Caldey Island – A Haven of Tranquility

Walk Caldey’s coastal footpaths for a view that constantly changes; first Tenby’s clifftop houses, next St Margaret’s wild coves, the slopes of Lundy and Worm’s Head, and even the distant outline of Cornwall. The island’s own inlets and outlets of Red Berry Bay, Spur Island and Nanna’s Cave – to name but a few – are worn and reshaped constantly by rhythmic seas, and the ancient pattern of nature combined with the pulse of centuries of prayer lends the island a quiet peace. Here oystercatchers gather on the shores, seals stretch out on the cliffs, gulls soar and butterflies rest in the sun.

Inland, an exciting project to preserve and enhance the island as a much-needed wildlife conservation area has added even more for the visitor to see. With the help of wildlife experts, Caldey have introduced endangered species, many of which are thriving and can be seen as you stroll the paths and woodlands: charming black swans grace the Priory pond, golden pheasants scratch for food, English and French partridges converse musically through coppices, and hardy Soay sheep meander the western edges of luscious Caldey pastures.

The loveliest sight may well be our red squirrels. Caldey is following a greatly-researched, closely-monitored and supplemented reintroduction programme, with the aim being for the reds to live in natural habitat with no competition from grey squirrels, nor any predators. Our red squirrels are thriving: they are enjoying their surroundings, building dreys, finding food, exploring the island, and raising young, with at least eight kits from three different groups during 2018.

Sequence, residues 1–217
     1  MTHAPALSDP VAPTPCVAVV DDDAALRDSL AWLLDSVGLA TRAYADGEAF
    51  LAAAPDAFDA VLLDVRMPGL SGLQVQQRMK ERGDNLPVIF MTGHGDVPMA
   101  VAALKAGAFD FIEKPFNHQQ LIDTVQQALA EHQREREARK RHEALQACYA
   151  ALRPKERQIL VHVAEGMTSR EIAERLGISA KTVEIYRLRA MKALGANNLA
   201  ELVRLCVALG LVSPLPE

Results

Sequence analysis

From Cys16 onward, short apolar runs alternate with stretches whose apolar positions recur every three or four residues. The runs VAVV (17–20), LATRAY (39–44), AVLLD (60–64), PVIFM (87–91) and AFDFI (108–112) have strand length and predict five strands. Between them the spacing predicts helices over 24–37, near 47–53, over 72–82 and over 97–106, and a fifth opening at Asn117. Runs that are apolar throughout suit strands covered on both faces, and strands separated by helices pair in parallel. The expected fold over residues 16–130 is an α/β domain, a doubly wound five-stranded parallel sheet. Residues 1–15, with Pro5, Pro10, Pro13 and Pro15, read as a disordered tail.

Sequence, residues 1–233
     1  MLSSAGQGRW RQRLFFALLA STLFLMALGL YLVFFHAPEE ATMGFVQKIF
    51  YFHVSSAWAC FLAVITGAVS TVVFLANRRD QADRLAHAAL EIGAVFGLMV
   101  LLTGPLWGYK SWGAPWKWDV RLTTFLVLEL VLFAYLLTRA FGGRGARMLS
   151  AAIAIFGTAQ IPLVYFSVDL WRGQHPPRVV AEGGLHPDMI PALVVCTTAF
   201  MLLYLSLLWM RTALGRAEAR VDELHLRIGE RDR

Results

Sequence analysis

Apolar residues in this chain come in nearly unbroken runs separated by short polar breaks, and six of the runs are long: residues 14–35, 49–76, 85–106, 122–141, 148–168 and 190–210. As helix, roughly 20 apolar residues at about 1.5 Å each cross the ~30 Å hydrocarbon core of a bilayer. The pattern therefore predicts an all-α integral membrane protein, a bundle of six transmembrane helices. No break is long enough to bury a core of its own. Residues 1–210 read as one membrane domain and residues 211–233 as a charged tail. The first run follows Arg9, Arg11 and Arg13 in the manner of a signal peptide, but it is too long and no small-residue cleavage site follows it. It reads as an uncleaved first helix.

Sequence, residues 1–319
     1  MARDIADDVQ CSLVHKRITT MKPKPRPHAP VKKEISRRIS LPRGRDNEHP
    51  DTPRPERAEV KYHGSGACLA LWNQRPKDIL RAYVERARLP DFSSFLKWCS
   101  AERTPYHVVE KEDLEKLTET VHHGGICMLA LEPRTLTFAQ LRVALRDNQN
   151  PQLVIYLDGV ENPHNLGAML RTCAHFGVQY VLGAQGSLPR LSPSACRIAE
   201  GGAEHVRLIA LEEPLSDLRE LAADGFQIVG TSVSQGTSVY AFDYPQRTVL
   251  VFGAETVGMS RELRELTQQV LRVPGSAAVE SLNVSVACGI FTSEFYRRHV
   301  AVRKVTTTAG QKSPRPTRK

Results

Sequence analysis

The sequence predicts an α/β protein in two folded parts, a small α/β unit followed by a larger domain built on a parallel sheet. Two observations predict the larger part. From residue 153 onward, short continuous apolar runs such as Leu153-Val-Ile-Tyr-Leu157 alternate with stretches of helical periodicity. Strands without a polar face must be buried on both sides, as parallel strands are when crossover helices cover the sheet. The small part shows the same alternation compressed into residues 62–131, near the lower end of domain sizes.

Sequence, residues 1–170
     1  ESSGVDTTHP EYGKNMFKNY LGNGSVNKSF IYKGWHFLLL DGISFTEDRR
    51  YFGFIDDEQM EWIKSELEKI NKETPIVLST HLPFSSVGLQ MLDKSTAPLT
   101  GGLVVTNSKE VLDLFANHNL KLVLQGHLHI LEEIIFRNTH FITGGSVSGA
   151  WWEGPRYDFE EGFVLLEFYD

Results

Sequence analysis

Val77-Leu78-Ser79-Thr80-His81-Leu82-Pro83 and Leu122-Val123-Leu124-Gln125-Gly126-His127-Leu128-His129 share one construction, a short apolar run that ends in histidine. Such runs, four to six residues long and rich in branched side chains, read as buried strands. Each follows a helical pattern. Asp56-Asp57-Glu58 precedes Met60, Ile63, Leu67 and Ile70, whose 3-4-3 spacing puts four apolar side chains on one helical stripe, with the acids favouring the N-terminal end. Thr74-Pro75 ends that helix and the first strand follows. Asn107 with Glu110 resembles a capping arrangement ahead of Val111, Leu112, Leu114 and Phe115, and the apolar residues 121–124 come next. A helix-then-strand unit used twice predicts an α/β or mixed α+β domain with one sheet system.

The newly-introduced wildlife on Caldey enriches our centuries-old beauty. Buildings hewn from quarried stone can be seen, and a tower that leans, a round watchtower, a lighthouse, an archaic mill, and a monastery where monks still worship.

Take home memories of the air full of the scent of gorse, the pink of the cliff-top thrift, the humming-bird moths searching out nectar, the cry of the gulls and the song of the breeze through the marram grass. Caldey is another world.



Travel restrictions in Wales have been lifted.


Mon 6th July. Visitor attractions reopen to day visitors.

Sat 11th July. Some types of self-contained holiday accommodation will reopen.

Mon 13th July. Pubs, restaurants and cafes with outside seating will reopen.

Some Coronavirus restrictions will remain in place so please understand that things may be slightly different. This is necessary to prevent the spread of Coronavirus, to protect our communities, the public and our health services